As Dan Pfeiffer said on “Pod Save America” his week, if Republicans came out and made a case that they want to return the healthcare industry to the free market and that government has no place directing a private marketplace, then at least they would be making an intellectually honest argument about why they’re doing this.

Instead, this legion of liars are blanketing the talk shows spreading some of the most bald faced “alternative facts” I’ve ever witnessed in politics.

Kevin McCarthy talked of expanding coverage despite a CBO score on a similar bill that says 24 million fewer people would have coverage. Paul Ryan’s communications director said this bill had been scored twice, despite the fact that the previous two scores were for entirely different bills.  This is like saying your car is doesn’t need the state inspection because you had the emissions tested 2 years ago.

And finally, Cathy McMorris-Rodgers wrote an op-ed about how her son’s pre-existing condition led her to vote for this bill. But given that this bill weakens protections for people like him, there must be something she knows that we don’t.

Oh, that’s right, Republicans made sure the law didn’t apply to Members of Congress, their families, or staff.

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Picture credit: Twitter

The Showdown at Amateur Alley

There is a book that Donald Trump has not read. Yes, I know that could be literally any book, but the one I have in mind is called The Showdown at Gucci Gulch.  It is the riveting story of how the last major tax reform was passed in 1986.

The 30 second summary is this: House Ways and Means Chairman Dan Rostenkowski, Senators Bill Bradley and Bob Packwood, White House Chief of Staff / Treasury Secretary James Baker worked together for years hammering out every detail of every aspect of tax reform. They debated how and if to keep it revenue neutral, how to simplify it, and how to spread the benefits.

By contrast, the Trump Administration talks about overhauling major aspects of the American economy like they are launching a menu item at McDonalds. “Healthcare reform will happen his week.” “Tax reform will be released on Wednesday.”

That is not how this works. That is not how any of this works.

I almost forgive Trump for this naiveté.  He is new to governing, has surrounded himself with no one of any expertise, and is generally not very bright. But Paul Ryan on the other hand – who used to hold the same title as Rep. Rostenkowski – should know better.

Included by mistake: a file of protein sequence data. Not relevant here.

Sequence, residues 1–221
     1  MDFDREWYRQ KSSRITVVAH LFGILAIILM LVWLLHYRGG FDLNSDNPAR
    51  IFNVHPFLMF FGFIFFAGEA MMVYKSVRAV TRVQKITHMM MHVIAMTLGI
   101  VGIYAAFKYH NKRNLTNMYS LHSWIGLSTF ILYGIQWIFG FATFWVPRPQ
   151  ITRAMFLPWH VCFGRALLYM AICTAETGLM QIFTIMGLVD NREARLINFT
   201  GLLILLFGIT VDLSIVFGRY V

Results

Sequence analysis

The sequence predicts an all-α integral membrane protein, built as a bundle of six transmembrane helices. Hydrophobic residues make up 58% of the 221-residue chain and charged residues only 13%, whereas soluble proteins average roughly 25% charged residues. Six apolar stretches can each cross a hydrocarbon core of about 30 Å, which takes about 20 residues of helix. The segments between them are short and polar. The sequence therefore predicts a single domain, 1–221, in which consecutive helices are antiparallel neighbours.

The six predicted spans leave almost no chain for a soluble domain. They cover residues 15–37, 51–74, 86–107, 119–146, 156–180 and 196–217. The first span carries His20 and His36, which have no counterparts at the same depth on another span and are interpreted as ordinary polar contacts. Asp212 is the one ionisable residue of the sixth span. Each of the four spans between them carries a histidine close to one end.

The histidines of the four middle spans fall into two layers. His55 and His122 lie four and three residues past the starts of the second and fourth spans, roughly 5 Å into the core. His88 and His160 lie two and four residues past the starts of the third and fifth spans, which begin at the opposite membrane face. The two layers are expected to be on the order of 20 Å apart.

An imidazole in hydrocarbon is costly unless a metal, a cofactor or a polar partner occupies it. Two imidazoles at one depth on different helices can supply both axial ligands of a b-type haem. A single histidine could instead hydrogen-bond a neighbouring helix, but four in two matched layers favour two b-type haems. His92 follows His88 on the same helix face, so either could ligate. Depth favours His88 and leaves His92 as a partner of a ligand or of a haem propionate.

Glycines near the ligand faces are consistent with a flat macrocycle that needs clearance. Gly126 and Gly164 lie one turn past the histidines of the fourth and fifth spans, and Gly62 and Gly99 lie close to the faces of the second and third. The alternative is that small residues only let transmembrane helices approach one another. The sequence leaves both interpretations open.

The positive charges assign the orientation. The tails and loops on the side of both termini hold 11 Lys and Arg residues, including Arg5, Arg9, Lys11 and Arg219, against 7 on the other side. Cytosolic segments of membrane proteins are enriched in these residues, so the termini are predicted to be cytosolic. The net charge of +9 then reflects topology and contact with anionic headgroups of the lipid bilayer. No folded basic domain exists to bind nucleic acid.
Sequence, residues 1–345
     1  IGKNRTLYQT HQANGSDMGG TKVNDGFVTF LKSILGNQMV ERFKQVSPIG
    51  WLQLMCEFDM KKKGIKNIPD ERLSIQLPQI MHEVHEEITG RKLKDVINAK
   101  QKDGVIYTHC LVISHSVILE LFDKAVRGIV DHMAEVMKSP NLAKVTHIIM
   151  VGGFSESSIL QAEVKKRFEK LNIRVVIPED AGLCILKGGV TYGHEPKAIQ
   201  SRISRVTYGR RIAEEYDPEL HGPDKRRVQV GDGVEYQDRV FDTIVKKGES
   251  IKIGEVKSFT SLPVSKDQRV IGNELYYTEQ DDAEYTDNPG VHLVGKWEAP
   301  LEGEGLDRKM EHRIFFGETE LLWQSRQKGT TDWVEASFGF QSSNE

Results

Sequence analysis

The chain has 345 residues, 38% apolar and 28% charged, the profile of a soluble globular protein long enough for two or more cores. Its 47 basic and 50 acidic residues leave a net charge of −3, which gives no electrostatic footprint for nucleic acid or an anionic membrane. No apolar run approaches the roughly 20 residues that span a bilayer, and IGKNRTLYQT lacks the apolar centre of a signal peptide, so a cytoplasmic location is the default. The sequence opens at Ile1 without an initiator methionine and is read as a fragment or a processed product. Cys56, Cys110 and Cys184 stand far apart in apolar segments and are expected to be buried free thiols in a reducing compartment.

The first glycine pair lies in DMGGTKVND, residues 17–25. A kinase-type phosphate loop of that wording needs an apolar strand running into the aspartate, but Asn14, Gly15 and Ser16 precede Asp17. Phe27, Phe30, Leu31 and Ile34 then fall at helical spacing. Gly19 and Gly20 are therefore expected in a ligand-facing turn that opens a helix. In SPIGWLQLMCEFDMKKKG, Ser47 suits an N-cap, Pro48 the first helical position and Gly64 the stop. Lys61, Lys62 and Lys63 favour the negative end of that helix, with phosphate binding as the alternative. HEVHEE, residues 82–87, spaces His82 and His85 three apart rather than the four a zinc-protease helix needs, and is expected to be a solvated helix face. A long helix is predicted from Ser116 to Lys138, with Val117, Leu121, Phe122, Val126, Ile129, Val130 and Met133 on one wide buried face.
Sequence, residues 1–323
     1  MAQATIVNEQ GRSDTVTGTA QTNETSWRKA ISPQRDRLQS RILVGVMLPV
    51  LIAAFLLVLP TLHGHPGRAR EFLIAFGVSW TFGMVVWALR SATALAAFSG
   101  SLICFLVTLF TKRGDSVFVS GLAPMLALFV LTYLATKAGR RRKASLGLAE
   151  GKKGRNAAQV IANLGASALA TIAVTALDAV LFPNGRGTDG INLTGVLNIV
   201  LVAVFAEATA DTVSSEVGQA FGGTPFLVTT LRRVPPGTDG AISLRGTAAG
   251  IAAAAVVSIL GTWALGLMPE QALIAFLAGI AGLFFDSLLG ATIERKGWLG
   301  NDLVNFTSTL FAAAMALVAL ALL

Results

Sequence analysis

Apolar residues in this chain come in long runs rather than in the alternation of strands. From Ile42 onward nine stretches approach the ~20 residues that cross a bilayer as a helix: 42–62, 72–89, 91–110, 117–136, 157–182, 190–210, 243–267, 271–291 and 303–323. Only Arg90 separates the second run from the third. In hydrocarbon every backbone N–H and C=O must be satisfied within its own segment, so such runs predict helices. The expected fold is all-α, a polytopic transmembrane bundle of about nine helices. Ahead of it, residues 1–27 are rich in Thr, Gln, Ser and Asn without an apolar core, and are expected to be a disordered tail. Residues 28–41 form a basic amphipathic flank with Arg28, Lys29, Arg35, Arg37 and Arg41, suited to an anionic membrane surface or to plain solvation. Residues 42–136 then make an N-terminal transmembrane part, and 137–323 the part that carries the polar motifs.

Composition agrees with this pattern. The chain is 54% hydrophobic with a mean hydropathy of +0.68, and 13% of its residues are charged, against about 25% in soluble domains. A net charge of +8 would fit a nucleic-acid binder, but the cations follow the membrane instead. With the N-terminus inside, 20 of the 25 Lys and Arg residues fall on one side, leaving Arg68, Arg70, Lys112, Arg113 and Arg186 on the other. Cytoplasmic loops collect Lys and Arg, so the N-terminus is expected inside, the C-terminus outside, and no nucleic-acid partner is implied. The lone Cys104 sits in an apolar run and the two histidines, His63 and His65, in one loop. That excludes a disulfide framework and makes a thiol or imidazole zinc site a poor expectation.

Well, he should know better, but as we saw with how he handled Health Care Crash and Burn Episode 1, he is a pretty shitty Speaker.

He not only crafted a bill that couldn’t crack 20% approval, but secured no outside support, made no efforts to secure votes, and gave the world’s worst PowerPoint infomercial on national television.  He had 7 years (that is over 2500 days for those of you keeping track) to craft a replacement to that evil, sinister, job killing Obamacare and instead he basically put the letters “H.R.” in front of a turd and gave it to the House clerk.

Then as if he didn’t learn his lesson, he was back at it this week saying that the GOP has spent a whole four weeks writing an even worse version of their original dumpster fire. Once again, every major national health organization is opposed, no senators have been briefed, and the president is unable to articulate any provisions beyond “it’s very good and very well liked.”

While all of this is going on, Ryan somehow thought it was also a good idea to allow the White House to release an outline of a major tax reform proposal that differs in key ways from the plan Ryan has been salivating over for his entire life. Not to mention how it will make Republicans want to hide those debt clocks they were so fond of under Obama.

Despite being billed as the most powerful city on earth, Washington actually has very little bandwidth for more than one major undertaking at any given time.  Major legislation takes up a ton of energy. The research, the hearings, the lobbying efforts, the scoring and analysis. It is a dance that has all the kinetic energy of an anthill and the organized chaos of a kayak race in a hurricane.

When the Republicans secured both houses of Congress and the White House, most Democrats began digging graves for all their priorities. The rich were about to get tax cuts, the ACA was on its way to the gallows, and social progress was shifting out of drive.  Thankfully, Republicans have chose to govern like a puppy in a dog park that doesn’t know which tennis ball to chase.  So for now, it looks like most liberal accomplishments are safer than we thought.

Back in 1986, Republicans were able to secure major victories like lower top rates in the final tax package despite Democratic control of the House.  They did this through painstaking negotiating, intense cooperation between the Treasury and Congressional leaders, and careful consideration of major stakeholders concerns.